The Malcolm Coptcoat Trust

was established in March 2000 to encourage the development of laparascopic (keyhole) and innovative surgery within urology in the UK.

History behind the Trust


behind the Trust

King’s College Hospital, 1861

Urologists are noted pioneers in the field of minimally invasive surgery. Today many diseases of the urinary tract can be dealt with by minimal access therapy instead of conventional surgery.

Laparoscopic (keyhole) surgery, which was pioneered in this country by the late Malcolm Coptcoat, received much attention at international congresses in the year 2000 and was heralded as the future of urological surgery. It was in recognition of this that King’s College Hospital opened the Coptcoat Ward as part of its new centenary wing.

About Malcolm

About Malcolm

After qualifying, Malcolm took up a short service commission with the Royal Air Force from 1980 to 1985, and did his urological training at the Institute of urology and St Mary’s Hospital, Portsmouth. At the institute he investigated advanced endoscopic techniques for tissue removal, which led to his ChM thesis on endoscopic liquidisation of the prostate bladder and kidney. He was appointed a consultant to King’s College Hospital in 1991 and was director of surgery from 1992 to 1994. He was also an honorary senior lecturer at King’s College School of Medicine and Dentistry.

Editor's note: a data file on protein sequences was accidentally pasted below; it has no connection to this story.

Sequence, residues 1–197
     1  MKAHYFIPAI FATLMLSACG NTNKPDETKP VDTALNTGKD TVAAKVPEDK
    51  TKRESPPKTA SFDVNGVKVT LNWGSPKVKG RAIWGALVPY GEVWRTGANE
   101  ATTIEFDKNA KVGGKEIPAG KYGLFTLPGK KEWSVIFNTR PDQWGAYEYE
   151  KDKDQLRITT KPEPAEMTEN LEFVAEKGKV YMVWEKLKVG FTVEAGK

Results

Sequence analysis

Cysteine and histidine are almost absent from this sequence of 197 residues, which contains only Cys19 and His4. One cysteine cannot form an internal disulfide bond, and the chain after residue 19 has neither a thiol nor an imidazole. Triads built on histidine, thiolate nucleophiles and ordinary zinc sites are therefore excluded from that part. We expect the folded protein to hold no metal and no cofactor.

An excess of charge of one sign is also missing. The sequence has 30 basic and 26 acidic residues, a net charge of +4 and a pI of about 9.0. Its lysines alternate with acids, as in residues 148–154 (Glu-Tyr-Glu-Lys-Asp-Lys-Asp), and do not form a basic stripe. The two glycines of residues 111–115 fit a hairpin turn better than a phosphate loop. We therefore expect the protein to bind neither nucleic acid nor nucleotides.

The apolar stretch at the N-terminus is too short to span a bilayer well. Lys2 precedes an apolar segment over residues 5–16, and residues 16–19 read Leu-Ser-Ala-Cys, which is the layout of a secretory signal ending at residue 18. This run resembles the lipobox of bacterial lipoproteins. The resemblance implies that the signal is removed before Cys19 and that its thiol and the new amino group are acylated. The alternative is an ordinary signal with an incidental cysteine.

Malcolm was a pioneer in laparoscopic urology and in 1992 performed the first laparoscopic nephrectomy for renal carcinoma, which stimulated the development of laparoscopic urology in Britain.

Malcolm was stimulating to work with, an outstanding teacher, and a great lateral thinker, who often challenged established practice. He was a member of the council of the British Association of Urological Surgeons and singlehandedly edited the association’s new magazine, BAUS Today. He was much in demand as a visiting speaker and surgeon in other countries, was consultant adviser in urology to the Royal Air Force, and wrote three books, several chapters, and many papers.

Malcolm had enormous charm, a great sense of humour and was very modest. He was a talented sportsman (playing rugby for England Schoolboys at Twickenham), a great tennis player (apart from an erratic backhand) and loved cycling. He died aged 44 from a heart condition in 1999 leaving behind a wife Alice, and two boys, Xan and Philip.

Malcolm John Coptcoat